I have this theory that most adults dress up as themselves on Halloween.
Photo courtesy Pierre Tourigny
By this I mean that people tend to go as an extension or exaggeration of their personality or how they want to be seen, rather then cloak their regular personality for the spirit of the holiday.
Have you ever noticed this phenomena?
For example, a regularly left-leaning, composting bike enthusiast…going out on Halloween as a hippy or Rastafarian…is not actually a costume.
If you’re normally a rocker who’s into dark clothing and horror movies, to go as a vampire isn’t really a stretch is it?
Or if you are a smart aleck, to go as a pun (Captain Jack Sbarro, the pizza pirate!), is nothing other then more of how you regularly interact with the world.
These are amplified versions of how we see ourselves.
It’s technically not a costume.
And let’s not even get started on going as “Sexy ____(insert your favorite noun).”
This is the Halloween equivalent to buying flowers and chocolate on Valentine’s Day.
It’s a safe choice, and as my Uncle Fester always says, “safe choices don’t make hearts race.”
Halloween traditionally was a ritual to fool the spirits of the dead who roamed the earth the night before All Souls Day. Rather then have them recognize you (and possibly take you with them) you would put on a disguise that would fool the ghosts and goblins.
There’s a lot of money to be made on Halloween merchandise and, like Christmas, the real spirit and ritual participation of the holiday seems to be fading with each year.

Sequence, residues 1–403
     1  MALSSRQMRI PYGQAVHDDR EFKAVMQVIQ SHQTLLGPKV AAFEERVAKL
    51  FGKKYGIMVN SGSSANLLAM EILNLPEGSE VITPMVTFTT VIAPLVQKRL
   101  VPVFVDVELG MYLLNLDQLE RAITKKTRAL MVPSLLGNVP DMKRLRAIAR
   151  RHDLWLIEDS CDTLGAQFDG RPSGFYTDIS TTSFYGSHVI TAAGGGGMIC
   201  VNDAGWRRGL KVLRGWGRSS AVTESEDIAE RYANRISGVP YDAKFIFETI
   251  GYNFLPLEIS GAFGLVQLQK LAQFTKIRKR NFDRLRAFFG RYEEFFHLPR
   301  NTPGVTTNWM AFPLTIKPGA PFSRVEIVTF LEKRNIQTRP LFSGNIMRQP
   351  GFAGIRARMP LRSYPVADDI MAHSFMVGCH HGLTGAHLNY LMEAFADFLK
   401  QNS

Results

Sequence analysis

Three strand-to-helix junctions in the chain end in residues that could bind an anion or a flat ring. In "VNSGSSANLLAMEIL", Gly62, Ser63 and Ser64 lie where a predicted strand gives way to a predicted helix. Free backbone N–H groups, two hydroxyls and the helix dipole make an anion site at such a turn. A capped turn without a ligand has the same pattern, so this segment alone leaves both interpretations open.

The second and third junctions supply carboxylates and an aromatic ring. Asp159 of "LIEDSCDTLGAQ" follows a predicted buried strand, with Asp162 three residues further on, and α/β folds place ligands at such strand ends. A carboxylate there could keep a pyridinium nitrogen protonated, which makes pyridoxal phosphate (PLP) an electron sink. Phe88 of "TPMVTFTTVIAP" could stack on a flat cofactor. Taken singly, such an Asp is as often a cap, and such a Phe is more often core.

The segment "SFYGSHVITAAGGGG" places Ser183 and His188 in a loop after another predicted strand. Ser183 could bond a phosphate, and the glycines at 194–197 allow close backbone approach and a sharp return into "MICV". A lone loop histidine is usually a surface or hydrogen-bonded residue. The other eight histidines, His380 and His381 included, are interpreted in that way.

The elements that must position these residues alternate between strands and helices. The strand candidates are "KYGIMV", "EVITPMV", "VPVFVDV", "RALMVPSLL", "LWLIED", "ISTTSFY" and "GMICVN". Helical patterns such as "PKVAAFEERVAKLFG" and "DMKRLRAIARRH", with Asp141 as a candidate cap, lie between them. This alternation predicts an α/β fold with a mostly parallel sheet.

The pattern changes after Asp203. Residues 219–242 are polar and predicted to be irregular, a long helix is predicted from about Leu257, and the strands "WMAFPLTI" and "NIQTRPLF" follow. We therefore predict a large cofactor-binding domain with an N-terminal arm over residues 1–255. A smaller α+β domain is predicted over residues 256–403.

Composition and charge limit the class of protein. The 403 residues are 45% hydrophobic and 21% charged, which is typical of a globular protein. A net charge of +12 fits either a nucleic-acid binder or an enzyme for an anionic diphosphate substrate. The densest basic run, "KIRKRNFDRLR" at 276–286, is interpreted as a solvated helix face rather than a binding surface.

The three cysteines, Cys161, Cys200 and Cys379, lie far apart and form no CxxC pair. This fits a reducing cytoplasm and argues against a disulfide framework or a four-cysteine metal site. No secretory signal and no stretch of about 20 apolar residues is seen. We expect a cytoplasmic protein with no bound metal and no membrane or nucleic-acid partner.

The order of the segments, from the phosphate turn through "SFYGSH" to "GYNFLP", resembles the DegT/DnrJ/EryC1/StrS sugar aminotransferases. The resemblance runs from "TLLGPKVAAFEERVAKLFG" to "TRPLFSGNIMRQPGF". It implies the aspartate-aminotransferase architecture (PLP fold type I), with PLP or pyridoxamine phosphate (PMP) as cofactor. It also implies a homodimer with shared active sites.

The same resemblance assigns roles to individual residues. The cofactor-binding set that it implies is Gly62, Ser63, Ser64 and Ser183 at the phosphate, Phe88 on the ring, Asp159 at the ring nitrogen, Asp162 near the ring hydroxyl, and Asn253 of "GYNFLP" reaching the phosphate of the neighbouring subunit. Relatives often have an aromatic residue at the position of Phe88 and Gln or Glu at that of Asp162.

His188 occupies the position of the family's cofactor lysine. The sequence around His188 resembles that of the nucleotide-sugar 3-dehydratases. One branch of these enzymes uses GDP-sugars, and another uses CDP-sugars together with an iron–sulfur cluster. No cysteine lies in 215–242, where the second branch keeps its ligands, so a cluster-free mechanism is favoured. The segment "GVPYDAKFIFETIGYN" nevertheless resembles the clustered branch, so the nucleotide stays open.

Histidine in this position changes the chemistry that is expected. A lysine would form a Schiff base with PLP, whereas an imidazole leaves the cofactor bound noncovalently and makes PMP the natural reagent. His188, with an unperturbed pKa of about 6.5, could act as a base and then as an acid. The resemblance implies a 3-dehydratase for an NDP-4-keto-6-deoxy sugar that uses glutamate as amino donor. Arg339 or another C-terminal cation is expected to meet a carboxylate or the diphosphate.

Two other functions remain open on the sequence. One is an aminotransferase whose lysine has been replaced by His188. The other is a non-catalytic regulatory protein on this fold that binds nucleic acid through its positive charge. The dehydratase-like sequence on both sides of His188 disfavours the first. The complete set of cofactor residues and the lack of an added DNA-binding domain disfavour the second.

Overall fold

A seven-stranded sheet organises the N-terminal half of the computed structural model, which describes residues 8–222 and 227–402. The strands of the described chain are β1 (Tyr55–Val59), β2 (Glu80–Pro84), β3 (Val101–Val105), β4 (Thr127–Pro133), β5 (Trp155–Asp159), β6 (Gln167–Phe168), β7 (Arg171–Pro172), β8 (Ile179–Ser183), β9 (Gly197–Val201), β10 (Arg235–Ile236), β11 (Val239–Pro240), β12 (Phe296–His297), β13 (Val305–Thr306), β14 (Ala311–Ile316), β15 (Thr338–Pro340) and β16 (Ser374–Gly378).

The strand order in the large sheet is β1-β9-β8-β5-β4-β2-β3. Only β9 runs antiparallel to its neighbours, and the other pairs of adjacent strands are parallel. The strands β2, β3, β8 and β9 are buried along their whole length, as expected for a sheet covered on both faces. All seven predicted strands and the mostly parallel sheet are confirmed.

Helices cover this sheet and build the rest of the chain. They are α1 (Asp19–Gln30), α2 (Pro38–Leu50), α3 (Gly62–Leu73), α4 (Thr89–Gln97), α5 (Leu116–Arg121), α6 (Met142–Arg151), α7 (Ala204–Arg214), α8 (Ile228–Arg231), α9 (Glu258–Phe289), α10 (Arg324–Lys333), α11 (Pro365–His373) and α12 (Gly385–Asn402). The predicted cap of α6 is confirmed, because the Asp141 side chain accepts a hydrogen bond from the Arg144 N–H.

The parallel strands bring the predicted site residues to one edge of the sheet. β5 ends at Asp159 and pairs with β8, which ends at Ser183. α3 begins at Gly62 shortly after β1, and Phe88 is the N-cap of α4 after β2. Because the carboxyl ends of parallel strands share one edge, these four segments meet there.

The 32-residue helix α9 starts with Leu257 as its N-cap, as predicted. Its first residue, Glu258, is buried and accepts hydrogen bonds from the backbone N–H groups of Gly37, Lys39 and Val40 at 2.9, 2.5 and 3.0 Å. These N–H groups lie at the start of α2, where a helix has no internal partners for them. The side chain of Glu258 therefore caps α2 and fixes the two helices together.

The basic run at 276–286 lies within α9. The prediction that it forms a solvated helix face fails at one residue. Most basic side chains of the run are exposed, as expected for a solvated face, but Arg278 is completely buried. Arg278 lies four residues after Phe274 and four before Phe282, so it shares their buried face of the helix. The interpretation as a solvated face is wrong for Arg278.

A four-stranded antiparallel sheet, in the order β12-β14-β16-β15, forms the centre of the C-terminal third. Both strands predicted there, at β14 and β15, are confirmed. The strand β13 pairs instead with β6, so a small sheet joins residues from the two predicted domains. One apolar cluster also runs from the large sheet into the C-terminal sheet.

Maybe this year go as something really terrifying.
Go as your shadow.
In Jungian psychology, the shadow or “shadow aspect” is a part of the unconscious mind consisting of repressed weaknesses, shortcomings, and instincts.
To figure out your personal shadow area, ask yourself:
“What do I reject in another person when I see it?”
The shadow is what one disowns in another because they are (wait for it) afraid of it. It’s the potential “you” that “you” cannot be. A shadow side is the area of the unconscious that we don’t want to admit we may have. Like being geeky, or ordinary, or violent. It’s the potential to be those qualities, but it doesn’t mean a person is bad for having them.
Jung also believed that “in spite of its function as a reservoir for human darkness—or perhaps because of this—the shadow is the seat of creativity.”
And the last time I checked, creativity was a good thing.
So what’s your shadow? What really is hiding in the dark that scares the pants off you? It’s not the self you normally present to your friends, but it may help you evade those ghosts on Halloween.
And it might help you win that best costume prize this year.
Satyavira Matthew Lombardo is a New York based yoga teacher and dharma activist. This year for Halloween he is going as a stubborn, pushy, middle aged pizza pirate.
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